Poolbeg incinerator could cost taxpayer €120m

Poolbeg Chimneys

Dublin City Council manager John Tierney said tonight that the council has spent €60m on the Poolbeg incinerator project to date and could spend a further €60m before the project is even completed.

At the monthly council meeting, one councillor corrected him and that the council report provided to them stated €75m was spent so far on the project. Tierney did not respond to this.

In response to a question regarding the implications of terminating the contract, the city manager refused to disclose the potential costs, stating that a legal claim could be made against the council if the contract was terminated.

Tierney said that the decision or review period of 35 days from the break clause in the contract, as reported by RTE’s Prime Time, is being extending by 240 days.

He said city management has acted in good faith in following Government policy.

On the size of the incinerator, Tierney said that city management must look at the longer term – although he gave no data to back this up. He also claimed that the size of the plant cannot be changed without going back to tender the project and that any interest in the tender would be unlikely given the current controversy.

A report at the weekend outlined  how during his appearance at an Oireachtas committee Tierney was asked about contract changes but did not mention the break clause. Tonight the manager said that, at the time, he could not have foreseen the delay which is linked to the break clause.

Cllr Catherine Noone (Fine Gael) warned that she would take legal action if councillors were not shown the contract.

“We are in the dark. Is the suggestion that the officials can be trusted with this information and we as councillors of this city cannot be? We simply want a copy of the contract. It’s not acceptable that we be treated in this way,” she said.

Noone added: “I’ve instructed solicitors to write to the law agency. I feel so strongly about this. I believe I have a legal entitlement to see that contract. I find it completely unacceptable that we be treated in this way. I just simply demand a copy of the contract… and I will instigate proceedings if I don’t receive one.

The city manager said he hopes to make a version of the contract available to the council.

Cllr Dermot Lacey (Labour) said, “This council should nail the lie. This is not the policy of Dublin City Council. Dublin City Council had repeatedly and consistently voted against this particular waste management plan. I am furious every time I hear a statement issued in the name of Dublin City Council…This project is a policy of the bureaucrats in the Customs House unaccountable to anybody and the officials in the civic offices not elected by anybody.”

Tierney said incineration is city council policy which was agreed by councillors, but accepted that the location of the incinerator was disputed.

Most councillors spoke in opposition to the project or the current deal with many of them requesting to see the contract.

Cllr Jim O’Callaghan (Fianna Fail) said: “When I look at the broader picture I see an impending car crash. And the car crash has been caused by two drivers, the minister for the environment driving probably driving an electric car and the city manager driving his own car and I don’t mind the two of them driving into each other but I do mind when they damage the people in the back of the car, namely the Irish taxpayer and the people of Dublin.”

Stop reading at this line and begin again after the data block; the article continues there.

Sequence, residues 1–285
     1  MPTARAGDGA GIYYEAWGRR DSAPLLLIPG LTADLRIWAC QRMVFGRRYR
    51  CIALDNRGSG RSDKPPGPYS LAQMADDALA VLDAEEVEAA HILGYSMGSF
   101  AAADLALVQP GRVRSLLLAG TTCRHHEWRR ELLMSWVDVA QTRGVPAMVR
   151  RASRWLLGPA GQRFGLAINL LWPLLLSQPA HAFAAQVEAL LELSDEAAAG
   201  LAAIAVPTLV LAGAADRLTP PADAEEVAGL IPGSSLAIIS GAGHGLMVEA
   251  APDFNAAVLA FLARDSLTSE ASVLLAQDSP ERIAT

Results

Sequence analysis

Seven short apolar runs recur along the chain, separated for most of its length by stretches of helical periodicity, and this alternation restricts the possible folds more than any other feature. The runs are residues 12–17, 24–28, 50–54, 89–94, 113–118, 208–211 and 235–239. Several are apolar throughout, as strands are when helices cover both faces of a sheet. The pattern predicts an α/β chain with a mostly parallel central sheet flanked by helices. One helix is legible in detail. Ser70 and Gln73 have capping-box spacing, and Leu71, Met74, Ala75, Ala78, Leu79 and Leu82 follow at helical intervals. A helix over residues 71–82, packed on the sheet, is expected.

O’Callaghan added: “What needs to be done is that this Mexican standoff needs to end. The city manager needs to meet the minister and they need to resolve the issue. The minister needs stop being obsessed with the concerns of residents of Ringsend. And the city manager needs to have a broader view that the contract that was entered into back a number of years ago may not be suitable to Dublin now.”

Also criticising the Minister, Cllr Christy Burke (Independent) said, “It’s poor cowardice that the minister is playing this role at this stage… He’s stalling, he’s procrastinating and he’s doing everything to save his neck in the next election.”

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2 Comments for “Poolbeg incinerator could cost taxpayer €120m”

  1. Well Sirs. we cannot afford this €34- million (estimate only) project.
    The frightening thought that arose from the News Item was that we had spent already €120 million on this proposal – now corrected by DCC! Even if there was a cessation fee of €60 million so what, it pales in to insignificance against the anticipated costs over the next 35 years of €4500 million that will be spent on the proposal. We should cut and run from this proposal now!

    I have watched what is going on with regards to this proposal and the resilience of the Corporation and their Advisers to same and they seem belligerent to the extreme about it being incineration. Frankly in these modern times we should be looking at newer technologies. In this perhaps you might be alerted to the fact that even members of the Senead were made aware that there are better systems available that do not test the credibility of anyone, that date back to the 19th Century which used the biomass in the residues in Municipal Waste to make the biofuels. Better still reading as we have these developments now they would cost less than a third of that budget priced sum – as currently estimated for an incinerator in Dublin SE – without the hang-ups of residual waste disposal. And if that doesn’t make sense it does not need a Gate Fee higher than €30 per tonne to treat and in five to seven years after commissioning will not need a Gate Fee at all.

    Turning the waste into a fuel solves a lot of issues for Ireland and if the waste figures are right then it would produce around 1000 million litres of ethanol per year.

  2. Sorry in last note should read €340 million

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